I’ve been thinking a lot about LOVE recently, and in this past week alone, I’ve been reflecting on how many times God has saved me from my self-centered thoughts and actions and reminded me to LOVE. The best way to get out of yourself is to give of yourself, and to this day, my dear mama is the one who continues to teach and affirm this example of God’s loving grace in my life. In honor of her and in great thanks to God, I want to resurrect a piece I wrote for a school chapel/assembly a number of years ago called “Love Extravagantly.”
When I was little, I used to hide beneath the tent that was my mother’s skirt – especially when we’d be standing in line at the A&P, and she would make friends with not just our cashier, but the cashier from aisles 1, 2, 3, 4, 5, and 6 through 10, and the clerk serving her thankless duty behind the customer service desk. You see, ever since I can remember, my mama has been to me the personification of love. No matter the private or public arena – the mall, grocery store, or arbitrary street corner, my mom had, and still has, the ability to make someone – any one feel KNOWN and loved.
Always greeting our cashier or salesperson or waiter with a smile and identifying him or her by name, mama instantaneously transformed them from being a dismissed and shelved member of society to someone who had a beautiful face, a name, and a common humanity that made us so very equal and so much alike in all of our assorted differences. As a young sheepish papoose clothed in shyness, I would often say nothing and bury my forehead in the haven of mama’s familiar fabric, but I listened and I watched, and now, as I’m older, I remember and cannot forget. “How you feelin’ this evenin’, Miss Denise?” she’d say, and I’d shrink in embarrassment and agitation – mama had gotten off late from work again, and by now at this rate, we were sure to get home after 8:00. Often with a furrowed brow, Denise, or whomever my mom took the time to greet and acknowledge, would look up with blatant surprise, shocked that someone would bother to observe a nametag. As mama continued to engage them in conversation that dug deeper, that skeptical raised eyebrow would subside, melting beneath brightened eyes and newly revived smile muscles. This very aspect of her personality – the myriad of incessant yet important conversations with any Tom, Dick, or Harriet – that which used to make me cower, hide, and roll my eyes with impatience — is one her many traits I so value and honor today. To this day, mama has befriended everyone in her local Publix Supermarket; the moment she glides through the automatic glass doors and calls out one of their names, the collective refrain of “Heeeeey, Martha!” resounds like the Hallelujah chorus. Over the years they have exchanged little gifts, Christmas cards, sad and happy news, children’s photos, songs, and hugs.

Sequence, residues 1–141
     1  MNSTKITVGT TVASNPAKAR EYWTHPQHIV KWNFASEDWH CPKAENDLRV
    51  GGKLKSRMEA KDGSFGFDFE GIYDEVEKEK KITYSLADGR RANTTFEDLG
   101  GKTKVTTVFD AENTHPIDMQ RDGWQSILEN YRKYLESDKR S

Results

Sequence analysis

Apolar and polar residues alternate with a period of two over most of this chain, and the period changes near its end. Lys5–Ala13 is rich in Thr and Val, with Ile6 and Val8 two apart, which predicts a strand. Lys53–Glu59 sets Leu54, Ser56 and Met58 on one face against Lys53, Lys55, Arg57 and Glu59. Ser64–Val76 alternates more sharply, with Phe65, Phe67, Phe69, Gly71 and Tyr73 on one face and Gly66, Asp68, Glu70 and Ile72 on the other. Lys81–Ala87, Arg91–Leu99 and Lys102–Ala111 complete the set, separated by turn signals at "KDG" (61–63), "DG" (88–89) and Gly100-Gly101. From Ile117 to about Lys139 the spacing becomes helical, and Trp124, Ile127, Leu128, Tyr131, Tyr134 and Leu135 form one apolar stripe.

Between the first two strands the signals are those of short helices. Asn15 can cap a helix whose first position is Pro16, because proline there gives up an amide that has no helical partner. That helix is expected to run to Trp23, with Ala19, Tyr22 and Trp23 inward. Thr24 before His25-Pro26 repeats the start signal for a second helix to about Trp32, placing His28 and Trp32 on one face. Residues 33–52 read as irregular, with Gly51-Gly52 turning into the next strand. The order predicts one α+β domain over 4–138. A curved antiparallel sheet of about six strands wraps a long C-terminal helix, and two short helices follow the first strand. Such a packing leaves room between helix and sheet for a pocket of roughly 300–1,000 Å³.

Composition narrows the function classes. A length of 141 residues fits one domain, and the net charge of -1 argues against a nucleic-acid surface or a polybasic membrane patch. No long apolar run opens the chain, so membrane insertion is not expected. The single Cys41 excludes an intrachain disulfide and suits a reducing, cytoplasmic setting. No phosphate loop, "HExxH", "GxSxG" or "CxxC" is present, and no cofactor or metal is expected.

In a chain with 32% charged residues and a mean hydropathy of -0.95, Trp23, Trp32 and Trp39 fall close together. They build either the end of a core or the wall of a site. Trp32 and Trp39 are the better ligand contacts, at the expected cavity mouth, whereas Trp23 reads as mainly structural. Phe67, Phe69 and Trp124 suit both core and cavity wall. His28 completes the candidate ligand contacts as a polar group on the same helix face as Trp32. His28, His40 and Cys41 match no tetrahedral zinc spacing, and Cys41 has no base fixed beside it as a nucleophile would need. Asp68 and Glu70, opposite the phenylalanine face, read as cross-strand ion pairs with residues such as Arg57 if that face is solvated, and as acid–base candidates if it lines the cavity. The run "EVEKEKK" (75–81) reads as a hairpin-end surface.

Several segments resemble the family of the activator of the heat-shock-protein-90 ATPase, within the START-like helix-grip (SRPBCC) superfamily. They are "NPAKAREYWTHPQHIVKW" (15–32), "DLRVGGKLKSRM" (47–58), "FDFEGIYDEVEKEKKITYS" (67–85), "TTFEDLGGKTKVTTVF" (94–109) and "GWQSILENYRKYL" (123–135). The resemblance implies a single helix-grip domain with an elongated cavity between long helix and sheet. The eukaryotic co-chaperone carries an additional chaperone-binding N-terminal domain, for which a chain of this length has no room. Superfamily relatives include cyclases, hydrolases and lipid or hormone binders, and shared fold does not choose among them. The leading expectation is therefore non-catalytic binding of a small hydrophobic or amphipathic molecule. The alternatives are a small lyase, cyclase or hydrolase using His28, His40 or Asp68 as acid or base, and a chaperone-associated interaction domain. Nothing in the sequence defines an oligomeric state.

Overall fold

It isn’t just charm that mama has, it isn’t mere friendliness; she didn’t win the Miss Louisiana hospitality pageant or Georgia’s “most sociable of the year” contest, nor did she just happen to have the perfect flavor of frosting to specially coat each sugary morsel she’d offer folks. Her acts of concern, care, and respect for other people are not only genuine and sincere, but are as humble as the very sediment that makes us all human. Her questions, her smiles, her handshakes and hugs – they are all real and they all wait for an answer without expecting one. No, not every one responded to mama in equal, like-minded fashion, but that was and is NOT the point. Maybe later, they’d look back and smile and perhaps share a similar exchange with someone else. Something so easy, so seemingly simple COULD and DOES and WILL make a difference.